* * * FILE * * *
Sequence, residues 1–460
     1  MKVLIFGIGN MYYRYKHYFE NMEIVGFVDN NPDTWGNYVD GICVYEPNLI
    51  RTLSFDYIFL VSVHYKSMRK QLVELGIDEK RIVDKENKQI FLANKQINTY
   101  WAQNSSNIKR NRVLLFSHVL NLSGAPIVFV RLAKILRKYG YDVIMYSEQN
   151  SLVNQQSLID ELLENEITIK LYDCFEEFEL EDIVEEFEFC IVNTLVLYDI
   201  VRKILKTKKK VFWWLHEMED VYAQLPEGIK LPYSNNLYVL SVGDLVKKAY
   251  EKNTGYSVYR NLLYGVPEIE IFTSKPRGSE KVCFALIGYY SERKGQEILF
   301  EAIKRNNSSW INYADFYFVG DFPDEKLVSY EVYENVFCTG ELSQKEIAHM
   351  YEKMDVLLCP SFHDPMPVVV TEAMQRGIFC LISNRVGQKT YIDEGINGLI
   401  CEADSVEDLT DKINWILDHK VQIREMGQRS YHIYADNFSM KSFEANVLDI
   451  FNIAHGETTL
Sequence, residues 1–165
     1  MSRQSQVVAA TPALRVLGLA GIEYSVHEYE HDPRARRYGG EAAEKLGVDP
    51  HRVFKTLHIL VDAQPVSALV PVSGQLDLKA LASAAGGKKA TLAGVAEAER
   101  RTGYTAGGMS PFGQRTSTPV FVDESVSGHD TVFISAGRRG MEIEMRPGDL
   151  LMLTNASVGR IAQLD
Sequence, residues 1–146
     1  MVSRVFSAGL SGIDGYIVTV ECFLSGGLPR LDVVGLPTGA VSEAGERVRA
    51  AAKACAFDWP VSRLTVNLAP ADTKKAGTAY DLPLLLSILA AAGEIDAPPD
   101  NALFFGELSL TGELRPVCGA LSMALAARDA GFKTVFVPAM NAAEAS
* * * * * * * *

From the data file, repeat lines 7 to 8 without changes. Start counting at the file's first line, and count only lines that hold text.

   251  EKNTGYSVYR NLLYGVPEIE IFTSKPRGSE KVCFALIGYY SERKGQEILF
   301  EAIKRNNSSW INYADFYFVG DFPDEKLVSY EVYENVFCTG ELSQKEIAHM